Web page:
Branch Line Britain - celebrating Britain's minor railways

Western - Falmouth review 1

Falmouth Docks station

8/8/07 - Truro to Falmouth Docks

Name of Line: The Maritime Line

Cost of ticket £3.00  - Cheap Day return

Dept: Truro 16.27  Arrive: Falmouth Docks: 16.50 

Journey time 23 mins

Distance: 12 ¼  miles  Weather: Hot and sunny

Train type: 2 car  Class 150/2  Sprinter DMU  (single track all the way)

Railway company: First Great Western

Frequency of trains - one every 2 hours


The first thing about being in Cornwall, far away from the South East and London is that everything is much cheaper. For a start the train fare is a minute £3 for a cheap day return. Then when we get to Falmouth we buy some of the local delicacy, "Cheesy chips" for les than a pound! Truro station still maintains much of its Great Western character with semaphore signals at both ends of its three platforms.  We move off from platform 1 in a westerly direction and go straight into a cutting, lush with greenery. We see parts of Truro on the left before we leave the Cornish mainline at Penwithers Junction and turn south westwards onto a single track, moving downhill at a constant 50 mph. We are mainly in cuttings before we enter our first tunnel - Sparnock Tunnel. It's quite muggy on this hot August day, even with the windows open. The clickety clack of the track is replaced by a smoother welded rail, as we pass cornfields on the left and open countryside on the right. We start to slow down as we go over Bissoe Viaduct, crossing an almost dried up river below us. We make the first stop of the journey at Perranwell station. There is no station building to be seen and on the other side of the platform is a pile of old rusting track. There is evidence that there was once double track here as we move off into an open valley. Again there are more cornfields on the left, which have been recently harvested and bales lie flat in threes and fours. We enter our second tunnel of the journey, the Perran Tunnel, which isn't quite as long as the previous one. We emerge into another deep cutting, still descending and speeding up to about 60 mph. We see a quick glimpse of the sea before we come into Penryn station, which has a basic bus stop type shelter and a few flowers in bloom on the platform. There's a large car park next to the platform, but there are only 3 or 4 cars in it today. Bushes growing out of control on the other side almost touch the train's windows, whilst four people get off. We go over another viaduct giving us views of many white painted houses on the opposite hillside as far as the eye can see. We speed up to about 50 mph again, still descending on welded rails once again. We stop at Penmere station looking very Cornish with its palm trees and plants. It still has its old green Penmere Platform sign. This is in contrast to the more modern bus stop shelter. The station looks down on the village on Penmere far below to the right. We speed up again to about 60 mph, but this is short lived as we slow and then stop as we come into Falmouth Town, which looks like it has been completely rebuilt in recent years. It is high up looking down onto a car park and the town on the left. Most people get off here, no doubt encouraged by the station sign, which says, "Alight here for the National Maritime Museum". We then enter another cutting, then over some points at a walking pace as we see the docks of Falmouth on the left ahead of us, with a warship in the harbour. The track is now double again, though the track on the left is rusty and hasn't been used for a long time. There's also a branch that leads off into the docks area, but it's not clear if it is still used. The station of Falmouth Docks is just a one-platform terminus with a large car park next to it. There is lots of building work going on here, showing that the whole area is being redeveloped. There's a nice mosaic next to the platform showing scenes from Falmouth, but this is sharp contrast to the large amount of litter lying about on the train itself.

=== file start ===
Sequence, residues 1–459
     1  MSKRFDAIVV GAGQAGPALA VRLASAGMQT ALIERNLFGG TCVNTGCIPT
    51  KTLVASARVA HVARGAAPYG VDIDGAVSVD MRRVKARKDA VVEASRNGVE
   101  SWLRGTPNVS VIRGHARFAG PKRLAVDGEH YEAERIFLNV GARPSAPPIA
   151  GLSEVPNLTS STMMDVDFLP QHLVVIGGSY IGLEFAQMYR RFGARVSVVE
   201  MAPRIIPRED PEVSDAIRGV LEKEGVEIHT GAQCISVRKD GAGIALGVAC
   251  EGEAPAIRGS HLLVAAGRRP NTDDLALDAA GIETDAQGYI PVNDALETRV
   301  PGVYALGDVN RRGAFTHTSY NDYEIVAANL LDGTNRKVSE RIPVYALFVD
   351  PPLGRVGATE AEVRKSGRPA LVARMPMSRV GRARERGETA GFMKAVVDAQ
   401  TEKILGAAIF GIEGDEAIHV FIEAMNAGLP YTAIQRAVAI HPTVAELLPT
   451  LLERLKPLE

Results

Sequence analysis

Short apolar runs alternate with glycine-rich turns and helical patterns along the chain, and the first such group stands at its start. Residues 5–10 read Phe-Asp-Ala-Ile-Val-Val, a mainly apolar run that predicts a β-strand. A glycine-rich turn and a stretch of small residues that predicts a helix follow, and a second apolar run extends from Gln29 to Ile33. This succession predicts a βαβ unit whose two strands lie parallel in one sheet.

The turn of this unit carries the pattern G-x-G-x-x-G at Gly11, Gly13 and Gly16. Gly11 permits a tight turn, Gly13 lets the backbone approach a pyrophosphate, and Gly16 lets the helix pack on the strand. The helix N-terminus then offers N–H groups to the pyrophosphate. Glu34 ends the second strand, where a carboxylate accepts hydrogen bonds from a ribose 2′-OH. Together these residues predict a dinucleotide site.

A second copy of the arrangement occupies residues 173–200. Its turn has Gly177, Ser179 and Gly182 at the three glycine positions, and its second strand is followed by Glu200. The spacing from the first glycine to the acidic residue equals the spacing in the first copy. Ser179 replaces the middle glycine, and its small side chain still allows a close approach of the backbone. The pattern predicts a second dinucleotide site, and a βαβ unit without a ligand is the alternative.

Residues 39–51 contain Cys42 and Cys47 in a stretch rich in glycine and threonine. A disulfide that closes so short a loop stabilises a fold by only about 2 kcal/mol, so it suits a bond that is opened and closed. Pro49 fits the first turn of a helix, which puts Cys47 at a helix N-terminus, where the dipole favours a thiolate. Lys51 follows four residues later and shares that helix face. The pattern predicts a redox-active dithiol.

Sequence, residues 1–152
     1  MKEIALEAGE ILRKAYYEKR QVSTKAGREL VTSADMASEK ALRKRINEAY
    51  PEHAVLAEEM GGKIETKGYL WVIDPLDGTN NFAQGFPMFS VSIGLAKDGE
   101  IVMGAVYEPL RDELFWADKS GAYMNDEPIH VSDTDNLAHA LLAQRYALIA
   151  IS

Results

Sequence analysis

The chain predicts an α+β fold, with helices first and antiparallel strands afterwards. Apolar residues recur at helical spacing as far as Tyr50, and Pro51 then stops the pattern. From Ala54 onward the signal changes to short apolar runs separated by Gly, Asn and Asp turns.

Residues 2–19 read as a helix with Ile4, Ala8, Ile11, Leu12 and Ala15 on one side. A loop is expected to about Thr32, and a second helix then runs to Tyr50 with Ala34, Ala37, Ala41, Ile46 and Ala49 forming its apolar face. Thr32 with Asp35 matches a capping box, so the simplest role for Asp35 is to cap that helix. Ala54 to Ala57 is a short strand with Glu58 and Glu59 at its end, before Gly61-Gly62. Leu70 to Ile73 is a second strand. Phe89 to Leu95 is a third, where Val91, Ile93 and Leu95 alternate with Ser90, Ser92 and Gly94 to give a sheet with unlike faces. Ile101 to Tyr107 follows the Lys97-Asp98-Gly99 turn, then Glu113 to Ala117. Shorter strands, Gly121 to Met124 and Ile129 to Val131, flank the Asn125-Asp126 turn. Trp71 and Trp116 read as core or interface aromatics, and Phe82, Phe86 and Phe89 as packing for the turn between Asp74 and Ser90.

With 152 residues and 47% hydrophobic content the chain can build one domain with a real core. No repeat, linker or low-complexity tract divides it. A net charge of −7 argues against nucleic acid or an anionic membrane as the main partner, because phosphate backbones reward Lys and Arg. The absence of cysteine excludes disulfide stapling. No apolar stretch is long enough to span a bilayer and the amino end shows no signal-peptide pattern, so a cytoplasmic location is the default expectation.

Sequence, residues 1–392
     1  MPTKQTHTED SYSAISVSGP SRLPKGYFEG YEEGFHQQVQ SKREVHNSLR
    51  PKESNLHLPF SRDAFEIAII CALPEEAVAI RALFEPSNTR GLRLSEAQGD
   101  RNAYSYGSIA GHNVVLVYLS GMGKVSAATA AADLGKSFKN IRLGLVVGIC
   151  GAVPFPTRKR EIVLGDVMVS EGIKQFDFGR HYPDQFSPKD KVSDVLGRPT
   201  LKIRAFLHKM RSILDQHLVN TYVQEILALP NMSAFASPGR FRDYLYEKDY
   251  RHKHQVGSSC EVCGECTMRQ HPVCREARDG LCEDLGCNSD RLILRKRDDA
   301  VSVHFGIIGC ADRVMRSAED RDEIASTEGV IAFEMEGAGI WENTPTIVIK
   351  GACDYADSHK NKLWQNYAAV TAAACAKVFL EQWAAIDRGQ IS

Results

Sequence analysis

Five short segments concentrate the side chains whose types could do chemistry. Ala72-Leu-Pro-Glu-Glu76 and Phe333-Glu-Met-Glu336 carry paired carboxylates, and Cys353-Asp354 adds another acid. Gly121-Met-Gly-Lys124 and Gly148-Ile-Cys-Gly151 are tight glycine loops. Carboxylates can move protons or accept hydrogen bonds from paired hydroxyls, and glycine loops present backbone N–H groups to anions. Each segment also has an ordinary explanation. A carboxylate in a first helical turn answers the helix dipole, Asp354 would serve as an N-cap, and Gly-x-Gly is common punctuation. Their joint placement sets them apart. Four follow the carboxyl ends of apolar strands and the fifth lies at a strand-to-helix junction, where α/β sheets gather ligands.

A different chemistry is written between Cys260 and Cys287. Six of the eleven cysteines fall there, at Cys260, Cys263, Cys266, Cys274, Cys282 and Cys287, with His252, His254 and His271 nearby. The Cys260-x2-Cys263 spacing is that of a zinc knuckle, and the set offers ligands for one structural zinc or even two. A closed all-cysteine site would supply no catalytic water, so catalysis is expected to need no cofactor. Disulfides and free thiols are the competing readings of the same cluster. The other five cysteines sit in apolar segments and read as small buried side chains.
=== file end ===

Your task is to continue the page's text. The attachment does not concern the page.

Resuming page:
Summary: a very pretty line with much character. It should continue to run as it is very popular with tourists as well as being an important route to and from the port of Falmouth. MC